General Motors Co. may sell next week’s initial public offering above the forecast price range and exercise an option to increase the size of the IPO amid signs of brisk demand, two people familiar with the deal said.
The reception six GM executives have received from investors on this week’s roadshow to promote the IPO has been strong enough to sell the shares at the high end of the $26 to $29 offering range or above $30, said the people, who asked not to be identified because the information is private. SAIC Motor Corp., GM’s partner in China, will probably be among the buyers, three people familiar with the plans said.
GM will probably exercise its so-called greenshoe or overallotment option, granting underwriters 54.8 million more shares, the people said. That would help the U.S. Treasury Department recoup more of the public’s $49.5 billion investment in the Detroit-based automaker. Strong demand for the IPO may also help secure higher prices when the U.S. sells the rest of its shares in later offerings.
Noreen Pratscher, a GM spokeswoman, declined to comment.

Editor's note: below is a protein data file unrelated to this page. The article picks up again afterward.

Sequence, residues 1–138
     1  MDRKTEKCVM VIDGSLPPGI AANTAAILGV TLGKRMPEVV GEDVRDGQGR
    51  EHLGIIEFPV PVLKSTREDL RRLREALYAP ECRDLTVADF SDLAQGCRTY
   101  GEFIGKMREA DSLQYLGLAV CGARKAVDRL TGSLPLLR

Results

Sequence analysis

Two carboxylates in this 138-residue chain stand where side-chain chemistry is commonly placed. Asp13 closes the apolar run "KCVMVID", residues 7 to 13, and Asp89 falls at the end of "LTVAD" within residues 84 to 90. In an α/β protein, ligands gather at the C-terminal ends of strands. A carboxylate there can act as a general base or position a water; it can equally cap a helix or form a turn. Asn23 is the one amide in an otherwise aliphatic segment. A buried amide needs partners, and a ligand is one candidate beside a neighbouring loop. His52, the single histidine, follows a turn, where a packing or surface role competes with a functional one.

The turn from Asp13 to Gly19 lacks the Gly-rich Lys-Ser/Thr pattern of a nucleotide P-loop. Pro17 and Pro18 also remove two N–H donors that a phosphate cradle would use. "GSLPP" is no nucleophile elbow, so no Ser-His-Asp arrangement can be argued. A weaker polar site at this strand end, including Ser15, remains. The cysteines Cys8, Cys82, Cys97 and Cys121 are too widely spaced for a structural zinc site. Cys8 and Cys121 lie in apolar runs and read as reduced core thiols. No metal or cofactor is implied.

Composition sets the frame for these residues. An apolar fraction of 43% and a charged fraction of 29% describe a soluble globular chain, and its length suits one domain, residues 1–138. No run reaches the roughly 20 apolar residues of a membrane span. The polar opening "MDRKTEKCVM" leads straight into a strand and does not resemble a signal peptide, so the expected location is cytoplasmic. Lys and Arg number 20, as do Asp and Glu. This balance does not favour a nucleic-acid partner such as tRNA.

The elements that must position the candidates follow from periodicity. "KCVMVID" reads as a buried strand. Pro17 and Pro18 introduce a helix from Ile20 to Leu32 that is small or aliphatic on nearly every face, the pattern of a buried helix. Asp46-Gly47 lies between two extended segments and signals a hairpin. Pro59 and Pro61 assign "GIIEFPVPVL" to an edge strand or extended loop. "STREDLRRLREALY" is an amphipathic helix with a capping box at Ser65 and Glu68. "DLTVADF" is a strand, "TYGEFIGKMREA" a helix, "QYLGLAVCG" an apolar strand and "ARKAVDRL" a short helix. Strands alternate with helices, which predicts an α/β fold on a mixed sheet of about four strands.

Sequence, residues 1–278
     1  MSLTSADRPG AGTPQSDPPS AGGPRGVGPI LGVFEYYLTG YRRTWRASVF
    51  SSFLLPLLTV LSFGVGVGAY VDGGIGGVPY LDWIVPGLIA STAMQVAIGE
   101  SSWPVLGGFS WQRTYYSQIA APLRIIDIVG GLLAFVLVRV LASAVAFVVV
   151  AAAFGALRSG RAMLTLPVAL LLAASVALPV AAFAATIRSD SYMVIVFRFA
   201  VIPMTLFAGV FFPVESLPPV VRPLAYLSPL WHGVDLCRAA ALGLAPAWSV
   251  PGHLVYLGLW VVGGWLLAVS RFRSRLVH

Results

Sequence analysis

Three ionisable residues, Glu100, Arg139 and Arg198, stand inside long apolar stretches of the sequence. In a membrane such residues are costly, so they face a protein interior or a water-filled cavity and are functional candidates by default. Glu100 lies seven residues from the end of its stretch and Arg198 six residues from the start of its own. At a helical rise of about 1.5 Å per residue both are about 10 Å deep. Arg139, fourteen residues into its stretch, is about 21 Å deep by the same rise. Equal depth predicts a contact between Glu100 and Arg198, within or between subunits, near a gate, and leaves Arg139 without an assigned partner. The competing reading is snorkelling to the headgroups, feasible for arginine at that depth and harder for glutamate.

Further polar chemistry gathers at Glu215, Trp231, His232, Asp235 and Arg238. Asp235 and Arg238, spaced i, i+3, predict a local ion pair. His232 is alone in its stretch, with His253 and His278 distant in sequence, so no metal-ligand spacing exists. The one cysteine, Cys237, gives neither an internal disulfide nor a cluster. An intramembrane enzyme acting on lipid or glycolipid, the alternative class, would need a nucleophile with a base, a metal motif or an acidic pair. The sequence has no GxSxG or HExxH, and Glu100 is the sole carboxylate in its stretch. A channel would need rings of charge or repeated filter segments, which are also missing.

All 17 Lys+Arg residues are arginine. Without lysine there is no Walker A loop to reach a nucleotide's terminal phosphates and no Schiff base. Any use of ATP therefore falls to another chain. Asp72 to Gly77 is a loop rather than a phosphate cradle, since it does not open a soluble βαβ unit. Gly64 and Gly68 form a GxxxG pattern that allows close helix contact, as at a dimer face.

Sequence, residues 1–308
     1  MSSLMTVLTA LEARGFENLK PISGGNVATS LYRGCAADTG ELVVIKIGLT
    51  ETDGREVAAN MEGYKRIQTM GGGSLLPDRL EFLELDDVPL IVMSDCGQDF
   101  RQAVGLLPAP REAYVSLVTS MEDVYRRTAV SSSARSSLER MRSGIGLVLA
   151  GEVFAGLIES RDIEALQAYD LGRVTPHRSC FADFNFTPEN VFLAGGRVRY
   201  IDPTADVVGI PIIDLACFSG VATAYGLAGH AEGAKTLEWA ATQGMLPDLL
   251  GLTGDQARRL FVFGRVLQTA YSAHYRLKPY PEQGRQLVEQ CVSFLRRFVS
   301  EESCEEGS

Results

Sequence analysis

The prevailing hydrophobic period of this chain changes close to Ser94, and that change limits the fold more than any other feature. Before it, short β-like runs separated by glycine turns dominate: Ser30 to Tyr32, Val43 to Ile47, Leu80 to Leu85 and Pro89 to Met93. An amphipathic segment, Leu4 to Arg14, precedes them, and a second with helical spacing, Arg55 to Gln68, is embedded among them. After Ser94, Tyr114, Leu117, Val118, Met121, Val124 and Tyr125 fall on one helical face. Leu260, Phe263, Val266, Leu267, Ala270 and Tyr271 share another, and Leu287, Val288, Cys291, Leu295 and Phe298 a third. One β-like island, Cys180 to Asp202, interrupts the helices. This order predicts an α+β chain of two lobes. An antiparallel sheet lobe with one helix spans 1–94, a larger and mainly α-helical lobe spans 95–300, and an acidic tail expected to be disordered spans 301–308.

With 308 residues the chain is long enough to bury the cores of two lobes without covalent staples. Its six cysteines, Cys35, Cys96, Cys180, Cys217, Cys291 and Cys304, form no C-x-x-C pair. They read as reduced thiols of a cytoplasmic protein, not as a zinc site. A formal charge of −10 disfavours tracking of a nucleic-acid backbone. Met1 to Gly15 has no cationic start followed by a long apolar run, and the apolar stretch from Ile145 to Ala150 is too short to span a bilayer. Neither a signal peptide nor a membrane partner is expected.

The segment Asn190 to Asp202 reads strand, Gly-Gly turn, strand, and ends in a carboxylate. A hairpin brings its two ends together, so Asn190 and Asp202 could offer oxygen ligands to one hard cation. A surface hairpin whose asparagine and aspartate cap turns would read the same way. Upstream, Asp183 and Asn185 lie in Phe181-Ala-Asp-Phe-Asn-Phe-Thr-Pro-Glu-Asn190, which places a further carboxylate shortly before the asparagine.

The offering of 365 million shares, or 24 percent of the automaker’s stock, is already multiple times oversubscribed, one of the people said. Banks arranging the sale will continue to take orders until the roadshow ends next week, to avoid the perception that any potential investors were crowded out, the person said. GM is scheduled to price the IPO on Nov. 17.
The automaker is getting orders from large institutional investors who are likely to be long-term shareholders at about $32 a share, one of the people said. About 15 percent to 20 percent of the offering will be allocated to individuals, the person said.
GM’s stockholders may sell about $2 billion in shares to sovereign wealth funds in the Middle East and Asia in allotments of about $500 million, the person said.
Joe Phillippi, a principal of consulting firm AutoTrends Inc. in Short Hills, New Jersey, said the fact that the IPO was being sold to institutional investors was a good sign for taxpayers because it means GM is finding eager buyers without having to aggressively market the stock to individuals.
“They only stuff the stock into retail when the deal is going bad,” Phillippi said.
Large institutions are likely to hold the stock longer than hedge funds or individuals, meaning that they won’t sell quickly and put downward pressure on the shares, he said.
The offering comes 16 months after GM emerged from a U.S.- backed bankruptcy. The company reported third-quarter net income of $2.16 billion this week, bringing the automaker’s earnings this year to $4.77 billion. That tops the $4.46 billion profit by Toyota City, Japan-based Toyota Motor Corp., according to data compiled by Bloomberg.
The Standard & Poor’s 500 Index has climbed to a two-year high this month amid signs that the U.S. economy won’t slip back into a recession after the longest contraction since the Great Depression.